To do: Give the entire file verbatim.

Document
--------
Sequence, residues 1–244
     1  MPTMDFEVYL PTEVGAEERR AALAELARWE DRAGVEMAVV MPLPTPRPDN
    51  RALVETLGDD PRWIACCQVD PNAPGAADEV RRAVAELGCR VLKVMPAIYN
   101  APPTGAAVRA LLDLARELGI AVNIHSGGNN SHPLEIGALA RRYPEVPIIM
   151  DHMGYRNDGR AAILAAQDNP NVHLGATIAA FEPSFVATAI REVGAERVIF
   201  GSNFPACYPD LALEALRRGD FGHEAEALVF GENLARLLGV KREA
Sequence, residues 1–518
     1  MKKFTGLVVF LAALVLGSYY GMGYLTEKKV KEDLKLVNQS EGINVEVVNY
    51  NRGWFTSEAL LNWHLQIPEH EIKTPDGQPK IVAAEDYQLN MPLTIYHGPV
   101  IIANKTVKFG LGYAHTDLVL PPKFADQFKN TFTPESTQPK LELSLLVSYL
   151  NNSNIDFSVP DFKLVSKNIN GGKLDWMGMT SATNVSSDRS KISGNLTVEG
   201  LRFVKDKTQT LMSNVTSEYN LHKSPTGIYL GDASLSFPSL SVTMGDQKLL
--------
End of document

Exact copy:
Sequence, residues 1–244
     1  MPTMDFEVYL PTEVGAEERR AALAELARWE DRAGVEMAVV MPLPTPRPDN
    51  RALVETLGDD PRWIACCQVD PNAPGAADEV RRAVAELGCR VLKVMPAIYN
   101  APPTGAAVRA LLDLARELGI AVNIHSGGNN SHPLEIGALA RRYPEVPIIM
   151  DHMGYRNDGR AAILAAQDNP NVHLGATIAA FEPSFVATAI REVGAERVIF
   201  GSNFPACYPD LALEALRRGD FGHEAEALVF GENLARLLGV KREA
Sequence, residues 1–518
     1  MKKFTGLVVF LAALVLGSYY GMGYLTEKKV KEDLKLVNQS EGINVEVVNY
    51  NRGWFTSEAL LNWHLQIPEH EIKTPDGQPK IVAAEDYQLN MPLTIYHGPV
   101  IIANKTVKFG LGYAHTDLVL PPKFADQFKN TFTPESTQPK LELSLLVSYL
   151  NNSNIDFSVP DFKLVSKNIN GGKLDWMGMT SATNVSSDRS KISGNLTVEG
   201  LRFVKDKTQT LMSNVTSEYN LHKSPTGIYL GDASLSFPSL SVTMGDQKLL